LCCI: Nigeria’s economy fragile, vulnerable to shocks

…says businesses struggling due to govt policies



The Lagos Chamber of Commerce and Industry (LCCI) has stated that the rising inflation, slide in private investment inflow and other macro-economic challenges have shown that the country’s economy is yet to recover as no growth has been experienced across sectors.

LCCI President, Mrs. Toki Mabogunje, stated this yesterday in Lagos at the first edition of “State of the Economy for 2020.”

She pointed out that the country’s inflation closed at the end of December 2019 at 11.98 per cent, making it the fourth consecutive month of rising inflation.

She said that the mono-product nature of the economy would continue to expose the nation to volatility in the global oil market with its attendant consequences on the economy.

Mabogunje called on the Federal Government to intensify diversification efforts and embrace structural reforms to attract private investment and stimulate economic growth.

According to her, businesses still struggle to survive owing to multiplicity of levies, infrastructure challenges, sluggish growth, excessive regulation, high cost of credit and unfavourable government policies.

She said the challenges confronting growth of businesses had remained in spite of the country’s upward movement by 15 places in the ease of doing business ranking.

The LCCI president advised government to vigorously implement friendly policies to support expansion of businesses.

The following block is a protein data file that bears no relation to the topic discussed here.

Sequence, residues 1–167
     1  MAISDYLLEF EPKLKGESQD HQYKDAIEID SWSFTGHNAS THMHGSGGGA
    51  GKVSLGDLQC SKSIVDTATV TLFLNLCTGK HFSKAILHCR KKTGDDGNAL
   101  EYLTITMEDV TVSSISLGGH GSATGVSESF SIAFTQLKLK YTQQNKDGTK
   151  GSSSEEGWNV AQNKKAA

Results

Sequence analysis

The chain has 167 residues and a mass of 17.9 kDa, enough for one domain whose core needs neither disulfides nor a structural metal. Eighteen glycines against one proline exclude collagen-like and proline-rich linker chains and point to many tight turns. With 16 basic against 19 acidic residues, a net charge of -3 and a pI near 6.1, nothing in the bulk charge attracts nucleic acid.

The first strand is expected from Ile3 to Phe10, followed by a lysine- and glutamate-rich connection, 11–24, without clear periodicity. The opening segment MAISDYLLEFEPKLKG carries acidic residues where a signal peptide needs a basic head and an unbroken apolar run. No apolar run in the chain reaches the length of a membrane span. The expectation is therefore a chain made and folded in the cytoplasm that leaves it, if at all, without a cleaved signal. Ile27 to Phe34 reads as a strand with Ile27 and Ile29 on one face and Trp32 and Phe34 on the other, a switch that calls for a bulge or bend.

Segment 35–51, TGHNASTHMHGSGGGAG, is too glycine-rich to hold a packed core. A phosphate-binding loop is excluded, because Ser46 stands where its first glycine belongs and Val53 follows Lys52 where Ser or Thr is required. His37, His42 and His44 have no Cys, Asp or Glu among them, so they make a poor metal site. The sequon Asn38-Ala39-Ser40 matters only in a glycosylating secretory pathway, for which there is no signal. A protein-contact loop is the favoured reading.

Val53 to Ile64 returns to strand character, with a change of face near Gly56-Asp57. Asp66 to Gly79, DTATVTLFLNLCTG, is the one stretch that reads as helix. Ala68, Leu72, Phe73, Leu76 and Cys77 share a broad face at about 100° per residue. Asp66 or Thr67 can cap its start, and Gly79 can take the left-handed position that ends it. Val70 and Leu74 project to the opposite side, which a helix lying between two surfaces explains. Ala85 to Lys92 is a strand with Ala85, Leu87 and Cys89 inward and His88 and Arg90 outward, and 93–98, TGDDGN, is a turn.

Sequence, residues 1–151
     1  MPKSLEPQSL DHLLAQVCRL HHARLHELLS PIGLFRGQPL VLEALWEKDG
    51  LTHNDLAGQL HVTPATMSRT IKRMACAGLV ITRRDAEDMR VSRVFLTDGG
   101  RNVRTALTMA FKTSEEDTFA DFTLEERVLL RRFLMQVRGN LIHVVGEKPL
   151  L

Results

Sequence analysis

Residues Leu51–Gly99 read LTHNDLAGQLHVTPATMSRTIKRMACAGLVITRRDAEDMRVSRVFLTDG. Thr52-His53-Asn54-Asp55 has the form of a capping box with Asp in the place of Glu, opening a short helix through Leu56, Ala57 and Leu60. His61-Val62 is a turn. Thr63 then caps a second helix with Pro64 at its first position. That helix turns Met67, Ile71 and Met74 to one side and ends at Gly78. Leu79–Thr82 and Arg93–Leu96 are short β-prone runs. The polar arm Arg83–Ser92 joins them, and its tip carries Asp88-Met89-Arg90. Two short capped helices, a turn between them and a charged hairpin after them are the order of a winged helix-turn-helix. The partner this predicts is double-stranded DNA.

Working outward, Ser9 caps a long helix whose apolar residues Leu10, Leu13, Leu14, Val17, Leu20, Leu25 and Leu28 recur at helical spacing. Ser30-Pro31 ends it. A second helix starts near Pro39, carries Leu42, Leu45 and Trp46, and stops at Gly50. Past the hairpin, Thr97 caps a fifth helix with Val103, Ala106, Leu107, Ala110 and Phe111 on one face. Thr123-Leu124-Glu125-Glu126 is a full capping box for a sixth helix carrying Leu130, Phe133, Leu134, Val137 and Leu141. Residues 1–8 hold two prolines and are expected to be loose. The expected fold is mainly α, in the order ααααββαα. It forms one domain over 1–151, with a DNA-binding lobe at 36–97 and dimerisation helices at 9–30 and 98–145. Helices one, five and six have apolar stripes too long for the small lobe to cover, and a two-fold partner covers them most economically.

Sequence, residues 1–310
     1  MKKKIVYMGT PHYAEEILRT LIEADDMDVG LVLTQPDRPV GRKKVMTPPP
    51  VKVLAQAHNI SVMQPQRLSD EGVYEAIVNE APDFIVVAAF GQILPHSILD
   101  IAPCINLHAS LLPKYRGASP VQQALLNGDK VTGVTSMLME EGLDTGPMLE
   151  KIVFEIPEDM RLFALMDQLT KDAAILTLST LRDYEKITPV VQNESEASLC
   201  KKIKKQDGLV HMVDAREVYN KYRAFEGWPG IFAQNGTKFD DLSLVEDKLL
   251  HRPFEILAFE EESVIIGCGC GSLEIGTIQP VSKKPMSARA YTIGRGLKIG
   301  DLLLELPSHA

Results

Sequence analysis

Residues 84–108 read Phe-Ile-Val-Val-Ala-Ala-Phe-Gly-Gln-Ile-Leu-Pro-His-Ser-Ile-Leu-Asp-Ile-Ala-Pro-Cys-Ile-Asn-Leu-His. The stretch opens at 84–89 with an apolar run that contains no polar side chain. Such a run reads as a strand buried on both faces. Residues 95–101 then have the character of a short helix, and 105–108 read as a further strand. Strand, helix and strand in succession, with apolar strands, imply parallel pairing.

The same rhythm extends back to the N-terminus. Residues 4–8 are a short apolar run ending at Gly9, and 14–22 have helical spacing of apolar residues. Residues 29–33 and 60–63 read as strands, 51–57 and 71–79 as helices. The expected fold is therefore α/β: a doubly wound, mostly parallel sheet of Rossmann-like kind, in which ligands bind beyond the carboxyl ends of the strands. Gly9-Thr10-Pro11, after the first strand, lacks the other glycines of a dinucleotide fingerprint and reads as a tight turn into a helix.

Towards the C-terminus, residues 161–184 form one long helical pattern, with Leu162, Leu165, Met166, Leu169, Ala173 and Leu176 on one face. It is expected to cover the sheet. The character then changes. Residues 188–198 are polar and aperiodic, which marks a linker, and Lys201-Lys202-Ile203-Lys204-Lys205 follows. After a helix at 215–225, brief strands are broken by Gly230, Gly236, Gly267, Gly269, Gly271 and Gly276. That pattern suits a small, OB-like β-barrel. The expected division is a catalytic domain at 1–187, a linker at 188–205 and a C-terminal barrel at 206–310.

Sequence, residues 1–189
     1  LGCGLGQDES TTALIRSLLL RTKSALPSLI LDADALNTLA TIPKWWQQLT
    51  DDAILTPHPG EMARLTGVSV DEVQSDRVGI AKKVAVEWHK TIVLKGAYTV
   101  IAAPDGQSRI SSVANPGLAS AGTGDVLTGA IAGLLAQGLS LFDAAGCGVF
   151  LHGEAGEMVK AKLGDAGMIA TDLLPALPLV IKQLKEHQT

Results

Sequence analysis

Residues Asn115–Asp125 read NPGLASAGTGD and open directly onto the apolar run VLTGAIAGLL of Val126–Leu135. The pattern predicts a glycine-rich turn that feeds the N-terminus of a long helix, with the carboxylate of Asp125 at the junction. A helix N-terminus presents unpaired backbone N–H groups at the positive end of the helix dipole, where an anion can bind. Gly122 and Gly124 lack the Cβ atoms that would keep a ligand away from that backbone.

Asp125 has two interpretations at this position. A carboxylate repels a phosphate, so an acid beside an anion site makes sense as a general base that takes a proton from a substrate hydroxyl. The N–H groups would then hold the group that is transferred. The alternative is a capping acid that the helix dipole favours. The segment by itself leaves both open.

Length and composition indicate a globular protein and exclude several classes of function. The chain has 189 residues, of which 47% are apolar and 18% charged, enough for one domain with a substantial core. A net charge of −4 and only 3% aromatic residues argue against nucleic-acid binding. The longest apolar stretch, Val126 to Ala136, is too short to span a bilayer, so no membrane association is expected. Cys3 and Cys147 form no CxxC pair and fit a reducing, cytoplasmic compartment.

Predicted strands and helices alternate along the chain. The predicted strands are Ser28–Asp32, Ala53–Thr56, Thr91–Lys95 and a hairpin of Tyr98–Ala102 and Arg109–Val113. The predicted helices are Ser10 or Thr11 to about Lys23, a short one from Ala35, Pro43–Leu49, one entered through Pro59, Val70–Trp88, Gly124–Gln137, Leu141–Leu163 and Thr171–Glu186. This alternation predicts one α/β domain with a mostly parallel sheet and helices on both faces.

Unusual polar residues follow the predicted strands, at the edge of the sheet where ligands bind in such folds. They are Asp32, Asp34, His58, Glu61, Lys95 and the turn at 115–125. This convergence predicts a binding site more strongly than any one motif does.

She explained that policy makers needed to worry about the increasingly intense inflationary conditions, especially the food component.

The LCCI boss noted that the rising inflation had a profound welfare effect on citizens as it weakens purchasing power.

According to her, heightened food inflation naturally escalates poverty conditions as food is basic to human existence.

Also, she noted that intense inflationary pressures have a negative impact on investment as cost of production and business operations increase, adding that this typically takes a toll on profit margins as sales and turnover decline.

“We note the sustained uptick in headline inflation since September 2019.

“According to the National Bureau of Statistics (NBS), inflation rose to 11.98 per cent in December. This marks the fourth consecutive month of rising inflation. Both food and core inflation accelerated to 14.67 per cent and 9.33 per cent respectively in December,

“We believe government can stem rising consumer prices through increased investment in infrastructure, especially power and transportation. This would help to bridge supply gaps and reduce transportation costs.

“Similarly, there is need to address the security concerns in major food-producing areas of the country,” Mabogunje said.

On the state of the country’s private investment, the LCCI president explained that private investment inflows to Nigeria stood at $19.7 billion from the first to third quarter in 2019.

She noted that the domination of portfolio investment in total capital importation combined with a sustained decline in foreign direct investment highlights the fact that the economy is considered risky by foreign investors.